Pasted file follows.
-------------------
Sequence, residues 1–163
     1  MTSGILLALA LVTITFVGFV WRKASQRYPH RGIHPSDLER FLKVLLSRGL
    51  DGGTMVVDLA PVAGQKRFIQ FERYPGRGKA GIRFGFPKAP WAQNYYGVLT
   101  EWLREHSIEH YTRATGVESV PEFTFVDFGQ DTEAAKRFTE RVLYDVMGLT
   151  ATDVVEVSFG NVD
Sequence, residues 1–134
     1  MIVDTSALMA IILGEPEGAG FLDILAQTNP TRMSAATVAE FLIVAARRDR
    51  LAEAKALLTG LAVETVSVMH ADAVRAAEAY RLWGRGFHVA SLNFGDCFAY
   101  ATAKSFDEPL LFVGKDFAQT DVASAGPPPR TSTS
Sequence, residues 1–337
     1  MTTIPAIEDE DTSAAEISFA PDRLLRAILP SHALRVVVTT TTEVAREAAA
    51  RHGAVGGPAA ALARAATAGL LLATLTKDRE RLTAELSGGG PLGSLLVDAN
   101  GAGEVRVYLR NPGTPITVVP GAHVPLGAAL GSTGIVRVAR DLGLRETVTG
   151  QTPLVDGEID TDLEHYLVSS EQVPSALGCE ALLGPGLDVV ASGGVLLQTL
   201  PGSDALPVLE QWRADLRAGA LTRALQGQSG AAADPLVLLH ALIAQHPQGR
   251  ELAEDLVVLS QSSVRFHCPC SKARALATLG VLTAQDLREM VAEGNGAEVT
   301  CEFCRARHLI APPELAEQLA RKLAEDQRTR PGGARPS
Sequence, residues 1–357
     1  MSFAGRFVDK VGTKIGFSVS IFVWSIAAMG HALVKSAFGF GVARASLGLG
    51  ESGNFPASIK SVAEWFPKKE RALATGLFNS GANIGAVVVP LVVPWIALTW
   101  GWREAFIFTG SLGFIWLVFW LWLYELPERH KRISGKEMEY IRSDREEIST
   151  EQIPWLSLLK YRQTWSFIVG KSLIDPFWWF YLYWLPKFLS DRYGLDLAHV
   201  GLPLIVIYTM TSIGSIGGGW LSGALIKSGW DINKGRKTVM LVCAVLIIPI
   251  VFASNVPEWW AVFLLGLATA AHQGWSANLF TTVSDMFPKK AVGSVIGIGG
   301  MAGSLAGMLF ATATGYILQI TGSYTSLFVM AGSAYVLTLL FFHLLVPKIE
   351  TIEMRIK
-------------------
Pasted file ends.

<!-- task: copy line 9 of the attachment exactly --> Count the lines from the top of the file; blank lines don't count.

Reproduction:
   101  ATAKSFDEPL LFVGKDFAQT DVASAGPPPR TSTS